Rail transportation safety investigation R17V0220

Update: The TSB has completed this investigation. The report was published on 29 March 2019.

Table of contents

Main-track train collision with track equipment

Canadian Pacific Railway
Freight train 868-078
Mile 68.4, Mountain Subdivision
Fraine, British Columbia
31 October 2017

View final report

The occurrence

On , at about 0600 Pacific Daylight Time, Canadian Pacific Railway freight train 868-078 was proceeding eastward on the Mountain Subdivision at 15 mph when it collided with a backhoe equipped with a hi-rail cart just west of Mile 68.4 near Fraine, British Columbia (BC). The backhoe operator was transported to hospital with serious injuries. The backhoe sustained damage to the boom and windshield. The train crew members were not injured. The lead locomotive sustained minor damage.


News release

2019-03-29

TSB issues final report on collision between a freight train and track equipment near Fraine, British Columbia, in October 2017
Read the news release


Investigation information

Map showing the location of the occurrence


Investigator-in-charge

Photo of Darlene Roosenboom

Darlene Roosenboom has been with the Railway/Pipeline Investigations Branch of the Transportation Safety Board of Canada (TSB) since 2004. Currently Specialist/Senior Investigator, Operations, she has provided oversight on a number of investigations, and is also a trusted agent of TSB's confidential reporting system, Securitas. Before joining the TSB, Ms. Roosenboom worked for Canadian National Railway Company (CN) for 15 years, predominantly as rail traffic controller; she also held management positions in the work program office, and was a crew coordinator. Ms. Roosenboom obtained her Bachelor of Arts degree from York University, majoring in Sociology.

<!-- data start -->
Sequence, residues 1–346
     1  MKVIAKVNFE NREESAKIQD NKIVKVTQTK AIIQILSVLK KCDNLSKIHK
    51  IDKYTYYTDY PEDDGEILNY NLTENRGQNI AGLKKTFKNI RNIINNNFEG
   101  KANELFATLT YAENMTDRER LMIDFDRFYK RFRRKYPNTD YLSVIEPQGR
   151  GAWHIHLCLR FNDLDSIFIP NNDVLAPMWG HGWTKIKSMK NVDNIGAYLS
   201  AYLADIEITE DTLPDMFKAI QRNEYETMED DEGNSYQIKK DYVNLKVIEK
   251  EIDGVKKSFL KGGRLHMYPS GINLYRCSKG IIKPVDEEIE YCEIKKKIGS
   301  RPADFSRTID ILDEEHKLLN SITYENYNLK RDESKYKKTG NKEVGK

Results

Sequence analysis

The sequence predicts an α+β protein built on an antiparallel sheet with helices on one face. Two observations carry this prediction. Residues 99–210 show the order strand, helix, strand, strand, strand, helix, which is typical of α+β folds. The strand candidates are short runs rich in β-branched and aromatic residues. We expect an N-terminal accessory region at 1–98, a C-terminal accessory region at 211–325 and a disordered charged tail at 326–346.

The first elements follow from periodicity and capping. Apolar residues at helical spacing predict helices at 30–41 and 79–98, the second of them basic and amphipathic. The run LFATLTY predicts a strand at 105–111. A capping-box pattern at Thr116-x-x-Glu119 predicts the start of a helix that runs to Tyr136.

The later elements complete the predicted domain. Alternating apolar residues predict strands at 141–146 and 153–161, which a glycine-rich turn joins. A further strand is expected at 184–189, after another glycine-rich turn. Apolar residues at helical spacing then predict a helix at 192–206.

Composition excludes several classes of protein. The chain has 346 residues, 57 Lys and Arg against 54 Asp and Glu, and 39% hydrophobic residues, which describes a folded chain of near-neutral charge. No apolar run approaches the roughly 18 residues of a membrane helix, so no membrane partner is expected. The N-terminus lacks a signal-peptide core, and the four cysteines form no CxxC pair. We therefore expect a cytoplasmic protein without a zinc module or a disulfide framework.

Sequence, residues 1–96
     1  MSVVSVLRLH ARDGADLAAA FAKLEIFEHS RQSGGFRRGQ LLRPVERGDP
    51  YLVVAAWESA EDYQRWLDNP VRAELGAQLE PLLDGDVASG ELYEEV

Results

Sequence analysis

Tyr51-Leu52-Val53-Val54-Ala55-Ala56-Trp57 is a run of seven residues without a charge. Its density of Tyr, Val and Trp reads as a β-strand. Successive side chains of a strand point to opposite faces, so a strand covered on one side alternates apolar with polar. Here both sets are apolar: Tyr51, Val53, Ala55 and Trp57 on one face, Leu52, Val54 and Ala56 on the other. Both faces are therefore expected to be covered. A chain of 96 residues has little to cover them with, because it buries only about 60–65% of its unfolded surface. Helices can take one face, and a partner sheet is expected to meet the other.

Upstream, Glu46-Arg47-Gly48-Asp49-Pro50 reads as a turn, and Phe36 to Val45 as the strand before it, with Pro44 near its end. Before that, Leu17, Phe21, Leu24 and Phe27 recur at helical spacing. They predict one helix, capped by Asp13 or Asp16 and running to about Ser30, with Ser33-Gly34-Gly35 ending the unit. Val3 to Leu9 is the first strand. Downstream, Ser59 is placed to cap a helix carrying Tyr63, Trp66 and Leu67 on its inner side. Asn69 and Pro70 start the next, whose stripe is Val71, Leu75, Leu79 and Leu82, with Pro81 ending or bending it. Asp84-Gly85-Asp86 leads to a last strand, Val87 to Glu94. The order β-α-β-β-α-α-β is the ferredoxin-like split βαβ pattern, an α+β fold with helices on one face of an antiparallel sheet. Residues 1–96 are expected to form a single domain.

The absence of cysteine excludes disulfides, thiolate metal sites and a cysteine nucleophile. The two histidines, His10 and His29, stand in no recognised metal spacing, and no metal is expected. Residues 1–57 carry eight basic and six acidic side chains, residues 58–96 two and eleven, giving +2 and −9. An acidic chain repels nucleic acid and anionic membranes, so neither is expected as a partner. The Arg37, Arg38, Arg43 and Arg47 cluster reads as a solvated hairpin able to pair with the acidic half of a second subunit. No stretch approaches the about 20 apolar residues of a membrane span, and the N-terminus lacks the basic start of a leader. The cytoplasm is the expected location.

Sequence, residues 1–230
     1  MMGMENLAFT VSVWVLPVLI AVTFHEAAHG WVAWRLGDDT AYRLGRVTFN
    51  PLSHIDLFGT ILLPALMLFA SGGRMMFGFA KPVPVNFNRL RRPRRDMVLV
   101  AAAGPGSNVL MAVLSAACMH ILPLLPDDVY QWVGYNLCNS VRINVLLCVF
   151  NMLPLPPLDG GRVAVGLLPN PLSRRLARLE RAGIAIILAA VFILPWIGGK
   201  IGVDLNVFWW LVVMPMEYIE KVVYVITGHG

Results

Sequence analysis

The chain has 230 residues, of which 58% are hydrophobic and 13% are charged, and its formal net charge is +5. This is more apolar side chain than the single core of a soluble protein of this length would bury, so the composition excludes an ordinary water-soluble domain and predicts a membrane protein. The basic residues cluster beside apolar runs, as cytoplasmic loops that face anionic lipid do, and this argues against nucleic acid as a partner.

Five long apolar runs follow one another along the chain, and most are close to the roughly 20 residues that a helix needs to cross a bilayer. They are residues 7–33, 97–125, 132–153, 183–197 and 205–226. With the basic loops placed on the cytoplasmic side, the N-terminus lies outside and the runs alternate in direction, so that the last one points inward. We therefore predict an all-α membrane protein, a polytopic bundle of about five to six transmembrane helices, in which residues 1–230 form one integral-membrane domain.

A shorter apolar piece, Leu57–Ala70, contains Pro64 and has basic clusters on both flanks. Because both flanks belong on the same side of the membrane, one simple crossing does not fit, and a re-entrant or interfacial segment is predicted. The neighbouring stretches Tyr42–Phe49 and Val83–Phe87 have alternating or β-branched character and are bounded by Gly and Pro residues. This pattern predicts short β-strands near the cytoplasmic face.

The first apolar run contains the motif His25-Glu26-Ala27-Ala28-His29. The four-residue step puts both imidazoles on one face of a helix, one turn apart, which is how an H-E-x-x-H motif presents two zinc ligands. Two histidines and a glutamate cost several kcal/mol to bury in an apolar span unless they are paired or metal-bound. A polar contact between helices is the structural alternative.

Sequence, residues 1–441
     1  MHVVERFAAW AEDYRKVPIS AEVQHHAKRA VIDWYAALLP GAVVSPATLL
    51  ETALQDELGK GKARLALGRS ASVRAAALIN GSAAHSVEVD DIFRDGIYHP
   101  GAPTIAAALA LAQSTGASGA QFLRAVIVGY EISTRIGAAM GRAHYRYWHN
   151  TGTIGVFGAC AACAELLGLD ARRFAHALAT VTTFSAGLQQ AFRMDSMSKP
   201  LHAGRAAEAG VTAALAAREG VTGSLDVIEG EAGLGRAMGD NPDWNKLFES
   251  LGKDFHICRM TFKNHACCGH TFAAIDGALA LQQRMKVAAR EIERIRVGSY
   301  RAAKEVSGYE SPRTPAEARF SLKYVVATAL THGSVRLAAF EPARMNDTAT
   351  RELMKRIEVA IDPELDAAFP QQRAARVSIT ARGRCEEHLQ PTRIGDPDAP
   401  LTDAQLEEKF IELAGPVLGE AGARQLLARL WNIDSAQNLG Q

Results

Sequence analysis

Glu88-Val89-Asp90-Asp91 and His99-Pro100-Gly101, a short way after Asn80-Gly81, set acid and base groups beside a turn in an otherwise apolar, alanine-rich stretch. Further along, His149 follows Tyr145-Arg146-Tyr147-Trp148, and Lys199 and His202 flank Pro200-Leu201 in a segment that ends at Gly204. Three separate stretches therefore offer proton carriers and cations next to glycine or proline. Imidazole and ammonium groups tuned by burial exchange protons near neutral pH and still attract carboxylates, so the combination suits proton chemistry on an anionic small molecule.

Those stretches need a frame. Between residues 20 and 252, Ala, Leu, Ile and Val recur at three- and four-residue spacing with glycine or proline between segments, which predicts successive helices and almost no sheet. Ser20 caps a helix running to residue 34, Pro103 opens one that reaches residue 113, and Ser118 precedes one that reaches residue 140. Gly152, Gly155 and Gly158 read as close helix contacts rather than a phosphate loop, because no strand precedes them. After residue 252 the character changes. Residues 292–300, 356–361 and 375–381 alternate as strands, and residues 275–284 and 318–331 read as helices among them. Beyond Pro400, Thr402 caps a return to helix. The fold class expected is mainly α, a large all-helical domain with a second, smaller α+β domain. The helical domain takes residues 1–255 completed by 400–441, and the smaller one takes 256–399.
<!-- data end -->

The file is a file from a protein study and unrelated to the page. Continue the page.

Download high-resolution photos from the TSB Flickr page.

Class of investigation

This is a class 2 investigation. These investigations are particularly complex and involve several safety issues requiring in-depth analysis. Class 2 investigations, which frequently result in recommendations, are generally completed within 600 days. For more information, see the Policy on Occurrence Classification.

TSB investigation process

There are 3 phases to a TSB investigation

  1. Field phase: a team of investigators examines the occurrence site and wreckage, interviews witnesses and collects pertinent information.
  2. Examination and analysis phase: the TSB reviews pertinent records, tests components of the wreckage in the lab, determines the sequence of events and identifies safety deficiencies. When safety deficiencies are suspected or confirmed, the TSB advises the appropriate authority without waiting until publication of the final report.
  3. Report phase: a confidential draft report is approved by the Board and sent to persons and corporations who are directly concerned by the report. They then have the opportunity to dispute or correct information they believe to be incorrect. The Board considers all representations before approving the final report, which is subsequently released to the public.

For more information, see our Investigation process page.

The TSB is an independent agency that investigates air, marine, pipeline, and rail transportation occurrences. Its sole aim is the advancement of transportation safety. It is not the function of the Board to assign fault or determine civil or criminal liability.

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